The Minneapolis Federation of Teachers and Education Support Professionals teacher and education support professional chapters went on strike March 8, the first educator strike in the city in 52 years.
As of press time, the union’s two bargaining units of more than 4,000 members were still out on strike.
“We’ve got teachers and ESPs and RSPs in Minneapolis working together like never before,” said Shaun Laden, MFT ESP chapter president. “This time, it’s different.”
The ESP and teacher units are each bargaining their own contract, but they are doing it together to support each other and fight for a more systemic change in the district.
“After 50 years of knowing this isn’t right or isn’t feeling good, we’re in this place where we can take some real action,” said Greta Callahan, MFT teacher chapter president.
“What’s been really powerful is our local decided we wanted to do things differently after the last few bargaining cycles and how things have gone,” said Laden. “We really shifted our local mindset that bargaining is more about how prepared we are in our buildings.”
The strike comes after 13 months of negotiations and mediation with Minneapolis Public Schools.
The strike authorization votes were held in school buildings in mid-February for four days.
The teacher chapter had a 96 percent turnout and 97 percent said yes.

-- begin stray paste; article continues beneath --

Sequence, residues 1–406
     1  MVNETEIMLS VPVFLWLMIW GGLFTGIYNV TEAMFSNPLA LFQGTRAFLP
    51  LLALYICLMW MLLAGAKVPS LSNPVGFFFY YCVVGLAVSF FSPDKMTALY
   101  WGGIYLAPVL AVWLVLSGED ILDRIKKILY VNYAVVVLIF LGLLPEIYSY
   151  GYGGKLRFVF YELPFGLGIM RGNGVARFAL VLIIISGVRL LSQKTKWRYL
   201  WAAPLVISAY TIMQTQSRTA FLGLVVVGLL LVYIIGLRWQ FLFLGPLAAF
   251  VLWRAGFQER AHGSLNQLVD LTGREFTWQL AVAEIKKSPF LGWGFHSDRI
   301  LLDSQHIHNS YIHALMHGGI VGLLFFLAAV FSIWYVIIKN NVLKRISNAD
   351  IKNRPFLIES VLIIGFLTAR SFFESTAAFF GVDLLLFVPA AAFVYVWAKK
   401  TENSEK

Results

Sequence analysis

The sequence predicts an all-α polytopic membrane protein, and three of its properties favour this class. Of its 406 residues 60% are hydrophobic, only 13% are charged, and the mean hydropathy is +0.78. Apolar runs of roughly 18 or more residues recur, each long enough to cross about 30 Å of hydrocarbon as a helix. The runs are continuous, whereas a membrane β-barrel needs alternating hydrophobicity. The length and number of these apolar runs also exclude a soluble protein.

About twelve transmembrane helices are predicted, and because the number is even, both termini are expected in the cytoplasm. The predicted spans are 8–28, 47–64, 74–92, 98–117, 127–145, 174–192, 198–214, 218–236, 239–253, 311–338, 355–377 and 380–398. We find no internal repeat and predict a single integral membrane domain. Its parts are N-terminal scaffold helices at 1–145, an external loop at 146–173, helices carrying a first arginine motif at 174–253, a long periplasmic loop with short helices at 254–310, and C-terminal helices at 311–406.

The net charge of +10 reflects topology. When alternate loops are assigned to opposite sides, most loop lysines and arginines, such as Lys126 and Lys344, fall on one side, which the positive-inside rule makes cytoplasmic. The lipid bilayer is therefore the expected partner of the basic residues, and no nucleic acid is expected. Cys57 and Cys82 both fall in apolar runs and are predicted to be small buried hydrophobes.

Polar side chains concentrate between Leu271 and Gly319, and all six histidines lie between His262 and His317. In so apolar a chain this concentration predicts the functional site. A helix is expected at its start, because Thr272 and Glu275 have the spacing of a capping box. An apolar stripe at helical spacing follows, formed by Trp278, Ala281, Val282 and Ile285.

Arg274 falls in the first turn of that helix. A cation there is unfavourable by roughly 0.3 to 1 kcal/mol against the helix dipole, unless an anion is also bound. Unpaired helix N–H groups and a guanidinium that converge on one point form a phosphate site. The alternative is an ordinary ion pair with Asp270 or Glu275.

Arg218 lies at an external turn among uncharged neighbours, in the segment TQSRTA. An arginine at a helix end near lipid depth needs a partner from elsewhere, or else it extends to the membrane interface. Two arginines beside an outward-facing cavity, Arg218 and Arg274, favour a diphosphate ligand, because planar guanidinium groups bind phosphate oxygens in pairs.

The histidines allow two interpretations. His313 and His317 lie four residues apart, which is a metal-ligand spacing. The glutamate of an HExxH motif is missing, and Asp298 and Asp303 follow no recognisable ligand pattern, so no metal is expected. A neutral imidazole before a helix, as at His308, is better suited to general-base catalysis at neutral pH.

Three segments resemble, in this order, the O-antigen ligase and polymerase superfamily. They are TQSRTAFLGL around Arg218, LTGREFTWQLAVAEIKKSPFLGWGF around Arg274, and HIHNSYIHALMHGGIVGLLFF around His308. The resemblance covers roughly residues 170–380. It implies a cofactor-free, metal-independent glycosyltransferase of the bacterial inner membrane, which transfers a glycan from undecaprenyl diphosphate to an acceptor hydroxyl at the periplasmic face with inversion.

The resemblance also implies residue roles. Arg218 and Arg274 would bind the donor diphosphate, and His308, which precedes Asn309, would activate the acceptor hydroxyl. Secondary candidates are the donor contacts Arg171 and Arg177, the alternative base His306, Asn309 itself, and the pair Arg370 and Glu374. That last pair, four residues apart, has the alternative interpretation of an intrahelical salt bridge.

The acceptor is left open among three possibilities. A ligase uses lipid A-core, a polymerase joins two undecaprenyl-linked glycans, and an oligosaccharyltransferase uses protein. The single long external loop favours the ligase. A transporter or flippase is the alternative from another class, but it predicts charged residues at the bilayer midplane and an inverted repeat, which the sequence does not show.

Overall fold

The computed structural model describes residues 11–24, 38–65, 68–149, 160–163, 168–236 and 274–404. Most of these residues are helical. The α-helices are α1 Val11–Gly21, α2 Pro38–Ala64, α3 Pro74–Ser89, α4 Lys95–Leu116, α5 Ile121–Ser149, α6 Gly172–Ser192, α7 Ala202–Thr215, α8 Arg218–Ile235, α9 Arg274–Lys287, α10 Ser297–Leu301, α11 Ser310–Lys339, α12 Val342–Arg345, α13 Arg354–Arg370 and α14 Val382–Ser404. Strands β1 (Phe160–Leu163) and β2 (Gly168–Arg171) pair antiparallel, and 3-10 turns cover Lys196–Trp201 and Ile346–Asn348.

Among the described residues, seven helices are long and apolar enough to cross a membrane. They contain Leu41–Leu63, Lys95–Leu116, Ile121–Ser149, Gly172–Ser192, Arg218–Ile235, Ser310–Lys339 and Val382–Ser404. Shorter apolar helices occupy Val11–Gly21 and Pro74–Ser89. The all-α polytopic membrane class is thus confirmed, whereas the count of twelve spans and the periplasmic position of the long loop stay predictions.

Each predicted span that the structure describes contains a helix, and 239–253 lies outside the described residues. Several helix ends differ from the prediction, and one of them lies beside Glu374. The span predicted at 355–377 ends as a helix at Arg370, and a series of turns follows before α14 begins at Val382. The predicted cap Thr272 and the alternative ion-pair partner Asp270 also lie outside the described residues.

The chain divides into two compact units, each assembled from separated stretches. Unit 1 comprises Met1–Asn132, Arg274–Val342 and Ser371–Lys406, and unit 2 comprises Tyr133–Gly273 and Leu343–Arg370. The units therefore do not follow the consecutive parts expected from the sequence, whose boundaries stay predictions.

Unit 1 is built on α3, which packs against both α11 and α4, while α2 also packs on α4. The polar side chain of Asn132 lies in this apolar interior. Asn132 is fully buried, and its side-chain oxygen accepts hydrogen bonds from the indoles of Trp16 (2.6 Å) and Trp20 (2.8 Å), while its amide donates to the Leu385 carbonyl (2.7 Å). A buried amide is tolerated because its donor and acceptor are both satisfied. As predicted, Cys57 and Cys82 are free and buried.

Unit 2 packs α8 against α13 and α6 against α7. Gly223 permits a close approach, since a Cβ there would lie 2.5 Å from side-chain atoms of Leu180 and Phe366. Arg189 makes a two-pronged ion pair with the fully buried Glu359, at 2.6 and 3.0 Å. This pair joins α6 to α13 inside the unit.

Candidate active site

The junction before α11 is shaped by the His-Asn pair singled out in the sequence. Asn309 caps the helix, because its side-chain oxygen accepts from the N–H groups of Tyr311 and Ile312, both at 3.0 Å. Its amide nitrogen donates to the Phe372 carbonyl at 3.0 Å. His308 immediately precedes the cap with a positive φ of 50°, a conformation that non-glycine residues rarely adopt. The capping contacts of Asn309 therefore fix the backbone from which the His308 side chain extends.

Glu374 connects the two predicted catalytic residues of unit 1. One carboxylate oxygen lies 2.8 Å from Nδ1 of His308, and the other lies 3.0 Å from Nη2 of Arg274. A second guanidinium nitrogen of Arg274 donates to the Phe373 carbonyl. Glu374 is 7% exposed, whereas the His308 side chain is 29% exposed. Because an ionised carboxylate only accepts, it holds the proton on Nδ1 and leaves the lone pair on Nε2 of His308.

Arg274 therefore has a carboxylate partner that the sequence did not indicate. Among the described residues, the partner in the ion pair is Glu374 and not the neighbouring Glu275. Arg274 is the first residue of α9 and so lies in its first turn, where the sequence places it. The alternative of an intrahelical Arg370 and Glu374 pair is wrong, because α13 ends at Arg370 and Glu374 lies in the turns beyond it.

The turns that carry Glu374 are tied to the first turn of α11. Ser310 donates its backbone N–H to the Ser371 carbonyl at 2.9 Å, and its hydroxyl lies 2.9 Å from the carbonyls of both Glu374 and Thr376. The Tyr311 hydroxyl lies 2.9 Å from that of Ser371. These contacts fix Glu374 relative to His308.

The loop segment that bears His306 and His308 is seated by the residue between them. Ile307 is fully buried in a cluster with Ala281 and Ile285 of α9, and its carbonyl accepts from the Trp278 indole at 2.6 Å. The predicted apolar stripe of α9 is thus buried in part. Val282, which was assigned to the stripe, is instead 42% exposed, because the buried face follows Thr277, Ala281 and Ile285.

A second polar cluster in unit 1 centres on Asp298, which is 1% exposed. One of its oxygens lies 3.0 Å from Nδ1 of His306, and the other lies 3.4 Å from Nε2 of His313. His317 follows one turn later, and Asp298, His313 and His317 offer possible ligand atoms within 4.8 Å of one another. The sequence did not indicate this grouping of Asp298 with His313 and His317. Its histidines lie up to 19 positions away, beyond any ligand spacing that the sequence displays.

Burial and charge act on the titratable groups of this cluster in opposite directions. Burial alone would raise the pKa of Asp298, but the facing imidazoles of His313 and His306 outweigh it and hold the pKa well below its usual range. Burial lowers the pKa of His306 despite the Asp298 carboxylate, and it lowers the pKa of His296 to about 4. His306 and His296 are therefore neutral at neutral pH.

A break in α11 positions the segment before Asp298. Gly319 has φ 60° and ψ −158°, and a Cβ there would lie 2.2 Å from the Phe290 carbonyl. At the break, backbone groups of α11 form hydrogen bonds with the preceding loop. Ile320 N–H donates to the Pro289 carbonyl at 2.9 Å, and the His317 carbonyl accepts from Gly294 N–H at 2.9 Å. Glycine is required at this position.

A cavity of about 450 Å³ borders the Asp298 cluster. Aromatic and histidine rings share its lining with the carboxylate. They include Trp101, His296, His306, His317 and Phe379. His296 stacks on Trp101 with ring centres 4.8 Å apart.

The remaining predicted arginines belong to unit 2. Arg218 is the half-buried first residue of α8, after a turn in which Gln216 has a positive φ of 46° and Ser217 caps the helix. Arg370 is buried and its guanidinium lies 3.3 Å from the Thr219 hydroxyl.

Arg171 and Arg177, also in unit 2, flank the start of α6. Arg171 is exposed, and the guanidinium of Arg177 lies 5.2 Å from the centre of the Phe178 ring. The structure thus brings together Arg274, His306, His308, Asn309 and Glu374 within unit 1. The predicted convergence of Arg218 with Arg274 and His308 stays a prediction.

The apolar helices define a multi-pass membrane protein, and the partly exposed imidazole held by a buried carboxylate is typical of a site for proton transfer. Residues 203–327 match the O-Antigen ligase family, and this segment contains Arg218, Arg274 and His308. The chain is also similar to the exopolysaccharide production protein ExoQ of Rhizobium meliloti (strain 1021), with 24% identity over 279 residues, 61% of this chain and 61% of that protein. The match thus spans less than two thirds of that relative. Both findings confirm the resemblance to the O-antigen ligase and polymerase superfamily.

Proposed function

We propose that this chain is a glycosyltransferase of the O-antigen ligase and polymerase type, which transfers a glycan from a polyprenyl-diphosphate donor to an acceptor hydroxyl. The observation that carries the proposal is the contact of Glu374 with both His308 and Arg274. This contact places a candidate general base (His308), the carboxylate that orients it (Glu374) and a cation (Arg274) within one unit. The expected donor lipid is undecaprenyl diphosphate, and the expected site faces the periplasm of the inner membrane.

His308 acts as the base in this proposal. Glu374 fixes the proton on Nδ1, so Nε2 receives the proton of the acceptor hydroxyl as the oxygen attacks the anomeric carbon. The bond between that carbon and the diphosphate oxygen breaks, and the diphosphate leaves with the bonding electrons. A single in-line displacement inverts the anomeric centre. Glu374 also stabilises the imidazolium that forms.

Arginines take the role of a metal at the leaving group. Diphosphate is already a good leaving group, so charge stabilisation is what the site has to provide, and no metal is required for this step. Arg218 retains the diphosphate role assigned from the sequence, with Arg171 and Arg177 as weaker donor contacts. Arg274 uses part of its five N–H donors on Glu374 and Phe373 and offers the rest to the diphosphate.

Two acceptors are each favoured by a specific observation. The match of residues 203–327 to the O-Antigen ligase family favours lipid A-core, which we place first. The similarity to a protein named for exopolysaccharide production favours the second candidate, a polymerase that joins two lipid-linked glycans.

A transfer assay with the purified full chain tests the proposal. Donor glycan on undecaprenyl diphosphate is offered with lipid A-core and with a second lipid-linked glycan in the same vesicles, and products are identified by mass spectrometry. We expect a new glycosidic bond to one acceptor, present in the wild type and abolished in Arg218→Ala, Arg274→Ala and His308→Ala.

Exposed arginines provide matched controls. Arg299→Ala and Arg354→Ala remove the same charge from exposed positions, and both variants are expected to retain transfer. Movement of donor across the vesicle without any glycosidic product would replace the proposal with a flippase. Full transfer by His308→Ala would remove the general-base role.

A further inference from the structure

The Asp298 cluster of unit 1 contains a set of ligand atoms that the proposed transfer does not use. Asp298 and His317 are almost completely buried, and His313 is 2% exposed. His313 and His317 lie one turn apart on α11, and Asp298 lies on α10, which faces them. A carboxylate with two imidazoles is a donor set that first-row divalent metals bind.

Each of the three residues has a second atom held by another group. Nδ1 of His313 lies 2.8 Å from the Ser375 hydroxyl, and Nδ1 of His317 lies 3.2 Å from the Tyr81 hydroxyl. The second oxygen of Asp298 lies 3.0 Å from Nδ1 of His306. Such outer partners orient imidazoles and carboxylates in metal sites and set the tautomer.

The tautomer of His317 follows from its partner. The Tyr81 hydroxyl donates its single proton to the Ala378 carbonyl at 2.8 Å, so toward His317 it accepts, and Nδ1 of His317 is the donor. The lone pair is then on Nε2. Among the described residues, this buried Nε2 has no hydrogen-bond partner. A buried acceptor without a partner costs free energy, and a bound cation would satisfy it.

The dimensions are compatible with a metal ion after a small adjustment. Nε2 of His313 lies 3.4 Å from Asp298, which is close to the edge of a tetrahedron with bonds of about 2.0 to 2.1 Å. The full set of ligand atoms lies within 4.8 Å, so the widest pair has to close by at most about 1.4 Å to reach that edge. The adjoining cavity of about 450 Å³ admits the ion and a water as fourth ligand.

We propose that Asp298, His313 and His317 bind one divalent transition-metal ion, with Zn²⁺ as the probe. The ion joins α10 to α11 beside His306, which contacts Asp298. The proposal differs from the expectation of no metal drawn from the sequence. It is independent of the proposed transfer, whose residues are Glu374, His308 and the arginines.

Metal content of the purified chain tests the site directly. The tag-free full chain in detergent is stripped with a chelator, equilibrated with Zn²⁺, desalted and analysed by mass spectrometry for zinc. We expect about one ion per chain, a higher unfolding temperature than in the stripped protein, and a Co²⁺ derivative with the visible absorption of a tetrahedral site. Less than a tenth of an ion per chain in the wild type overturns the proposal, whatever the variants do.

The ESP chapter had a 93 percent turnout of their members and 98 percent voted yes.
Both units saw membership rise in anticipation of the strike. The ESP chapter saw more than 200 new members sign up so they could participate in the vote and strike.
“This is a statement from thousands and thousands of educators supporting over 30,000 students that it doesn’t have to be this way, and we’re going to do something about it,” said Callahan, the night of the vote announcement.
MFT is calling their strike action a call for “Safe and Stable Schools.”
Their major asks are:
A living wage for ESPs.
Contract language that calls for recruitment and retention of educators of color.
More mental health staff to improve student-to-staff ratios.
Contract language for class size caps.
Competitive compensation to retain licensed staff.
“Our students and educators continue to do so much more with so much less and those at the top continue to less with so much more,” said Callahan. “Our students can’t afford to lose another great educator. Our students can’t afford to sit in classrooms with 45 other students trying to learn.”
ESP pay is the top priority for both units.
“Education support professionals are not being paid living wages. More than 70 percent of our members are working second and third jobs,” said Mikel Herb, a Minneapolis ESP. “We’re just asking to earn a living wage and work one job.”
“ESPs keep the school running,” said Patience Dolo, a counselor at North High School. “If they get a raise, that’s what is most important.”
Recruitment and retention of educators of color is also a top priority, so that the staff of Minneapolis schools looks more like its students.